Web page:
For our next class, you have two tasks, one specific and one more general (but both important!)
Pacific Specific Task
Design and cut out a minimum of six flexible plates for use in monotypes next week. These plates should relate to our Project 1 theme PLAY. Use your research and thumbnails from last week as a guide. You can also develop any new ideas that zing into being as you work (see The General Task below). Your plates can relate to one another, or they can explore variations on the theme.
Before you start designing and cutting, it may help to think through possible compositions in which you might use flexible plates. Keep in mind that multiple plates can be used in a single print. They can also be reused (and moved) from print to print.
On the practical, how-to end of things, make your flexible plates from card stock weight material. Old manilla file folders or index cards work well. Do not make the plates out of regular paper, since it is too flimsy to hold up to multiple inkings, or from matboard/cardboard, since it is too thick to go through the press.
I recommend you start the process of making flexible plates by sketching out the shape you want on the card stock. You can then follow the drawn lines with an X-Acto knife. Scissors are okay for simple shapes, but X-Actos rule the hand-crafted world when it comes to intricacy. X-Actos work best when you change the blades frequently so they stay sharp. Make sure to cut away from yourself and to put a cut safe surface under your project. A self-healing cutting mat or a piece of chip board (the stuff on the back of a newsprint pad) work well.
For more info on successful X-acto cutting—which as those of you with bloody fingers in your past know is harder than it seems—check out these short video tutorials:
The General Task
In addition to cutting your shaped plates, spend some time this week thinking about what you want to print. If you are well prepared when you come to class, you can concentrate on printing, maximizing your time to develop a good portfolio for Project 1. Of course, you have your thumbnails from homework #1, but don’t shy away from filling that creativity journal with more. Making work breeds additional ideas, especially now that you have a better idea of the look and feel of the different processes of monotype.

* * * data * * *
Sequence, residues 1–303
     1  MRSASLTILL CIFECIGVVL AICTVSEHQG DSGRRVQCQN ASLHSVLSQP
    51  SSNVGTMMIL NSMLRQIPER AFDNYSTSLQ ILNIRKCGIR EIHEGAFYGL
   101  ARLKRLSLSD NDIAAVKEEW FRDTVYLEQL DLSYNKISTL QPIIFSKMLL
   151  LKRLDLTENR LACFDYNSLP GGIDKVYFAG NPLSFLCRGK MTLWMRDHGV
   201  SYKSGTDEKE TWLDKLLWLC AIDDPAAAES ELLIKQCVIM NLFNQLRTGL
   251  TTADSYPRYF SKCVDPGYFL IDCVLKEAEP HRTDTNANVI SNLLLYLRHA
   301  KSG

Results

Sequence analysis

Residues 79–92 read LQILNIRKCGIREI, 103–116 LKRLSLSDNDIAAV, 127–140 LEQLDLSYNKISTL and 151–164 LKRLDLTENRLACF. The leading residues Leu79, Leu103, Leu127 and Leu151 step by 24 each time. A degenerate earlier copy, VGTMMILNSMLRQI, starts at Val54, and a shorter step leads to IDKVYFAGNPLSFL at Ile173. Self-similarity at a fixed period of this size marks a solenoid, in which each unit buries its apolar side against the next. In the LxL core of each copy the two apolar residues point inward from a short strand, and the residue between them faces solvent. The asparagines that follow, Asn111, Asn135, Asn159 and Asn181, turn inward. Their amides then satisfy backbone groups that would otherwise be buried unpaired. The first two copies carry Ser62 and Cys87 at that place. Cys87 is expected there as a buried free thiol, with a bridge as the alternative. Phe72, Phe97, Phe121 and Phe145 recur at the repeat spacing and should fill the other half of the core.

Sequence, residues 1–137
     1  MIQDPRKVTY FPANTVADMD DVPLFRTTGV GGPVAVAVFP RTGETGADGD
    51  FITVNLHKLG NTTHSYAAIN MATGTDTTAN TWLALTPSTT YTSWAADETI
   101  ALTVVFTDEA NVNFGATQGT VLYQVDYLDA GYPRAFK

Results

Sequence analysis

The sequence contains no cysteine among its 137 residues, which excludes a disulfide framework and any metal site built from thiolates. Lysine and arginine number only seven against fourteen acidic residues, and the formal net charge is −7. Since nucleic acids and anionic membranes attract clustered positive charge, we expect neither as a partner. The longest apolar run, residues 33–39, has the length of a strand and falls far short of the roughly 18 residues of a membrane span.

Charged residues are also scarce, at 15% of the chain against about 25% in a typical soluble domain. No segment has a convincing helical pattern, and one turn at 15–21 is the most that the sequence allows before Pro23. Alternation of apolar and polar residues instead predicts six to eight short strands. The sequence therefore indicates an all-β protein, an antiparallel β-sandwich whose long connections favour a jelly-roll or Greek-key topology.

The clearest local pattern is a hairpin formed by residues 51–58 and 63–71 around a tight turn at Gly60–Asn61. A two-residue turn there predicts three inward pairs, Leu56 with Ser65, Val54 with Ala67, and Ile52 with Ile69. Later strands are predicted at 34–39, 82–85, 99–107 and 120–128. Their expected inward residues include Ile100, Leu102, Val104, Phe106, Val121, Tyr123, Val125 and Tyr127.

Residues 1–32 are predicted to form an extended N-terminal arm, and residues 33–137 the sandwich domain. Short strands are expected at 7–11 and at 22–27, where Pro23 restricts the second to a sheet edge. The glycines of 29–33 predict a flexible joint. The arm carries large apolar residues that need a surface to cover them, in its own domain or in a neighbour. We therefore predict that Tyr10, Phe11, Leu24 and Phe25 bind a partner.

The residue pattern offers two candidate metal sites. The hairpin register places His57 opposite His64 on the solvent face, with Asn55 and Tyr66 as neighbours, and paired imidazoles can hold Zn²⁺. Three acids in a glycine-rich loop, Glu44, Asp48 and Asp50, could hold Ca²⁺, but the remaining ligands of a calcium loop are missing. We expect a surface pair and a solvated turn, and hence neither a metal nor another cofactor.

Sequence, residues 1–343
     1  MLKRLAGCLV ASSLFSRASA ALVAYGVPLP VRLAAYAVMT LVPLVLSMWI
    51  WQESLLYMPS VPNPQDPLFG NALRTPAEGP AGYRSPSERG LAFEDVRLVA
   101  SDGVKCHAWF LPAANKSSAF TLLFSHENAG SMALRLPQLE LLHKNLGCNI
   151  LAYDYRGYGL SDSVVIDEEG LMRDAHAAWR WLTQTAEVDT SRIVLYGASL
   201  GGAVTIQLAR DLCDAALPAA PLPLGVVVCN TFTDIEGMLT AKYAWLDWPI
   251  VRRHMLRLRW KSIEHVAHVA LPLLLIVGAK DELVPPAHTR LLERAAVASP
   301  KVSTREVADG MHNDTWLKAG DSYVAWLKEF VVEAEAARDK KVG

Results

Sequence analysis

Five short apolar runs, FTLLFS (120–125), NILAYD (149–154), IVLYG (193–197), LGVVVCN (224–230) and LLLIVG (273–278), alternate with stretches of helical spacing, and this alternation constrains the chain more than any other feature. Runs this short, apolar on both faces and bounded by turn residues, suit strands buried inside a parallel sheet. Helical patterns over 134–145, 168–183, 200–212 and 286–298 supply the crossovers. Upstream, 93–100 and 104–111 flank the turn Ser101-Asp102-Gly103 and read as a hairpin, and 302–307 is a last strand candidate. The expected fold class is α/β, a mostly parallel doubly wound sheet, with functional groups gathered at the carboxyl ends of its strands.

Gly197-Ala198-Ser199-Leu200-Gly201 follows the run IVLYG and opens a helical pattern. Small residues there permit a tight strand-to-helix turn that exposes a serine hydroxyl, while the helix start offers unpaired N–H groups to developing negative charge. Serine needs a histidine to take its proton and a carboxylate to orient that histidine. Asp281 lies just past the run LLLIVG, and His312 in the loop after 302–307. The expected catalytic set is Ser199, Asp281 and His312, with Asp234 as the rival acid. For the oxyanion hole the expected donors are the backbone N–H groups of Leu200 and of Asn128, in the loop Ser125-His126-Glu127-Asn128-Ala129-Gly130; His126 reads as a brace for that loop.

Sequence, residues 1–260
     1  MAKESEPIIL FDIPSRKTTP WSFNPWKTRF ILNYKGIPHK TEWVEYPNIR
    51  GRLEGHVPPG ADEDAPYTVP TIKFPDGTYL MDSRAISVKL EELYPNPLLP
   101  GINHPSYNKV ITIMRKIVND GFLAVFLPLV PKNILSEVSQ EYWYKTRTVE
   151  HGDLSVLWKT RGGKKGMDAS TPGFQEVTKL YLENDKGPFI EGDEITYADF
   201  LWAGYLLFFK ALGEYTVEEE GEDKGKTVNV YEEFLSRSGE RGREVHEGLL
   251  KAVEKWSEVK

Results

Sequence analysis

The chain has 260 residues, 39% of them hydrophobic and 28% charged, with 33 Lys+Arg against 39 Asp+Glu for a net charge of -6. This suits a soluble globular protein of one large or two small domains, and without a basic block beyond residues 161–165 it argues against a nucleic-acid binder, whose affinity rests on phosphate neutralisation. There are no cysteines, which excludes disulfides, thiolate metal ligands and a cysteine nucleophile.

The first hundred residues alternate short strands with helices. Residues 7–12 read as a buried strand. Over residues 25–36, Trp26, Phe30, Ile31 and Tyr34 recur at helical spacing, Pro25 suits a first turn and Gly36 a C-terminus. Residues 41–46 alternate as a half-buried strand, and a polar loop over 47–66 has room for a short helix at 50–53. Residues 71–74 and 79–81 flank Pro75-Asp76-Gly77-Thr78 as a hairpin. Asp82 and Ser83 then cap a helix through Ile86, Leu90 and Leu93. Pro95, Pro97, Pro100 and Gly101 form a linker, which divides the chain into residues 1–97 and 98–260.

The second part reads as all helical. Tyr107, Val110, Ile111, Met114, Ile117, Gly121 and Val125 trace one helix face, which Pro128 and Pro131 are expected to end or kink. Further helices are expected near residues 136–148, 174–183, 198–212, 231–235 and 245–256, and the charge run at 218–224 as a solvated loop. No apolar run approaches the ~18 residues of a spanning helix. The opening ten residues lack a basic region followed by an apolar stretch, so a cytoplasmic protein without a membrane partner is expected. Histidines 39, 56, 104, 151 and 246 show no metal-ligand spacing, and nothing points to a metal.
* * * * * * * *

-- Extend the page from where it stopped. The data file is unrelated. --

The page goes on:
As you think about prints you want to create, consider what kind of PLAY related imagery would work well for a traced monotype vs. a subtractive monotype vs. an additive monotype vs. a flexible plate monotype. Remember that for traced and additive monotypes, you can use a drawing as a template, so it may be worthwhile to develop a few thumbnails enough to serve as guide sketches.
Other Blibbles and Bloobles
Aside from a brief-ish demonstration on multiple drop monotypes, the entirety of next class period will be your work time. Come prepared by completing the two tasks above and by packing what you need for class. This includes not only your flexible plates and your Plexiglas plate (don’t forget that!), but your journal. I will be talking with you one-on-one about your research, thumbnails and sketches.
If you want to experiment further with textures feel free to also bring stuff for that. For pressed textures in a subtractive monotype, items with a raised surface are best: coarsely woven cloth, textured paper, corrugated cardboard, bubble wrap, etc. You can also bring items that will work as a stencil. These are things that you place on the plate and then roll or paint ink through to get a texture. For stencils, you want a flat material with distinct openings such as a doilies or mesh cloth. Obviously, whatever you bring for texture-making will get as inky as my fingernails, so don’t bring anything precious.